Synthetic Psychoactive Substances Sorted by LC-MS

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  • Published: Jul 1, 2017
  • Author: Ryan De Vooght-Johnson
  • Channels: HPLC
thumbnail image: Synthetic Psychoactive Substances Sorted by LC-MS

Analysis of new psychoactive substances presents a challenge

There is a growing illicit trade in novel psychoactive substances, a common type of ‘designer drug’, with roughly 100 appearing on the European market each year. These are typically sold over the internet and usually have had little or no safety testing. The sheer numbers of these substances means it is difficult for law enforcement agencies, such as police and customs, as well as hospital emergency departments, to know exactly what they are dealing with.

Traditionally, drug identification has relied on immunoassays, but these are normally only applicable to one compound, so are of little use when several new substances may be present. On the other hand, laboratory analyses using complicated work-up procedures followed by multiple LC-MS methods can give good detection, but require highly trained personnel, so are often not easily carried out at a local level. There is a pressing need for a relatively simple method that can detect multiple psychoactive drugs, i.e. a so-called ‘black-box’.

The Swedish researchers used UHPLC combined with high resolution mass spectrometry (HRMS) in order to detect a wide range of psychoactive drugs. HRMS has the potential to differentiate between isobaric species and in some cases also between isomers where the product ions differ. The researchers examined 120 NPSs, along with 12 naturally occurring alkaloids and 16 legal psychoactive pharmaceutical compounds.

Multiple psychoactive compounds analysed by LC-HMRC

Stock solutions for the various analytes in acetonitrile or methanol were purchased or prepared using authenticated samples. About 18,000 urine samples received for clinical drug testing were investigated, with the anonymity of those involved being preserved. Each sample was diluted five-fold, with nine deuterated internal standards being added: amphetamine, methamphetamine, zopiclone, temazepam, fentanyl, ritalinic acid, methylphenidate, pethidine and pregabalin. UHPLC-HMRC was carried out without any further work-up.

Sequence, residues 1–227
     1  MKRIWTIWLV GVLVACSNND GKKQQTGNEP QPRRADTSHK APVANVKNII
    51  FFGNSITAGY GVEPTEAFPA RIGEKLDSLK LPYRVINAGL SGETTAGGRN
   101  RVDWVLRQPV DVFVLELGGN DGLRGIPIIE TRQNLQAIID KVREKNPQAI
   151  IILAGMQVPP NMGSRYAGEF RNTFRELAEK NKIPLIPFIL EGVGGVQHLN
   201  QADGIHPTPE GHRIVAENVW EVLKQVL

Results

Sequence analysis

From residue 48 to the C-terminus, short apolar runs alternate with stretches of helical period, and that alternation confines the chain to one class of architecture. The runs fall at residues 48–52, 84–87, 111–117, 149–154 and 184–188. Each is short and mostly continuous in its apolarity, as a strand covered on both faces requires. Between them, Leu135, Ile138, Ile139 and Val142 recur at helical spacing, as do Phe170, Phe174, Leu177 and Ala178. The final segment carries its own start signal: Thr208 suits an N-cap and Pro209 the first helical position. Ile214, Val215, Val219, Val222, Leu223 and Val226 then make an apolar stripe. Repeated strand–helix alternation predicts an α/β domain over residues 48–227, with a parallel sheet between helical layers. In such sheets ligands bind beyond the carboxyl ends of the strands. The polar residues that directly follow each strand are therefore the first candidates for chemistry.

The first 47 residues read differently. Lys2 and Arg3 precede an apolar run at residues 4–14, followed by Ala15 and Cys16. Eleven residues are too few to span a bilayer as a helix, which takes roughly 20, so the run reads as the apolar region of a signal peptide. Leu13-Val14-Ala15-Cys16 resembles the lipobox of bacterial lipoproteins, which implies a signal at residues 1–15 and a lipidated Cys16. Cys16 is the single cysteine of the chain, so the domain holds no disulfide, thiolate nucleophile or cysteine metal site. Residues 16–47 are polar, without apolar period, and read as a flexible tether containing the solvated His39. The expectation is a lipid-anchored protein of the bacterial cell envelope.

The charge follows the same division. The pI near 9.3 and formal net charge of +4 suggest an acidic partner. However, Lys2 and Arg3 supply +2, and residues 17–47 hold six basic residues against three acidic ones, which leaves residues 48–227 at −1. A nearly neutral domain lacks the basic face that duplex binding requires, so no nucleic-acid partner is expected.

A Dionex UltiMate 3000 system with a YMC UltraHT Hydrosphere-C18 column was used for the UPLC. Gradient elution was performed with 10 mmol aqueous ammonium formate at pH 4.8 and an organic phase of 10 mmol methanolic ammonium formate (both phases with 0.005% formic acid added), with the gradient running from 4 to 95% of the organic phase. A Thermo Scientific UHPLC-Q Exactive high resolution mass spectrometer was used with electrospray ionisation in positive mode, with Thermo Scientific TraceFinder software for data manipulation. Extracted-ion chromatograms (EIC or XIC) were employed to locate the species of interest.

Each analyte was evaluated with respect to one of the nine deuterated internal standards. The method gave good linearity and a typical limit of quantification was 50 ng/ml for most of the compounds examined. It was found that the percentage of false negatives was only 0.3%, while that of false positives was 1.4% per sample and 5.6% per positive sample. Interference from background signals was generally acceptable, although occasionally MS/MS mode was employed (product reaction monitoring, PRM) where this was a particular problem.

In all, 15% of the ca. 18,000 urine samples contained one of the compounds examined, in most cases psychoactive legal pharmaceuticals. These compounds, such as pregabaline, have legitimate medical uses, but may also be abused. The most common NPS was α-PVP (α-pyrrolidinovalerophenone, also known as α-pyrrolidinopentiophenone, ‘gravel’ or ‘flakka’), a psychostimulant banned in many countries, including the UK, USA and Sweden.

New UHPLC-MS method suitable for psychoactive compounds

The new method allows for the detection of a wide range of psychoactive compounds in a single run with minimal sample work-up. Further development is needed to reduce the number of false positives, but the technique may eventually give a method that can be used ‘on-site’ by staff with relatively little training. Such LC-MS techniques need to be employed by health services and law enforcement agencies, since immunoassay methods are inadequate to deal with the wide range of substances that are currently abused.

Related Links

Journal of Mass Spectrometry 2017, Early View paper. Stephanson et al. Use of LC–HRMS in full scan-XIC mode for multi-analyte urine drug testing – a step towards a "black-box" solution?

Wikipedia, alpha-Pyrrolidinopentiophenone

Article by Ryan De Vooght-Johnson

The views represented in this article are solely those of the author and do not necessarily represent those of John Wiley and Sons, Ltd.

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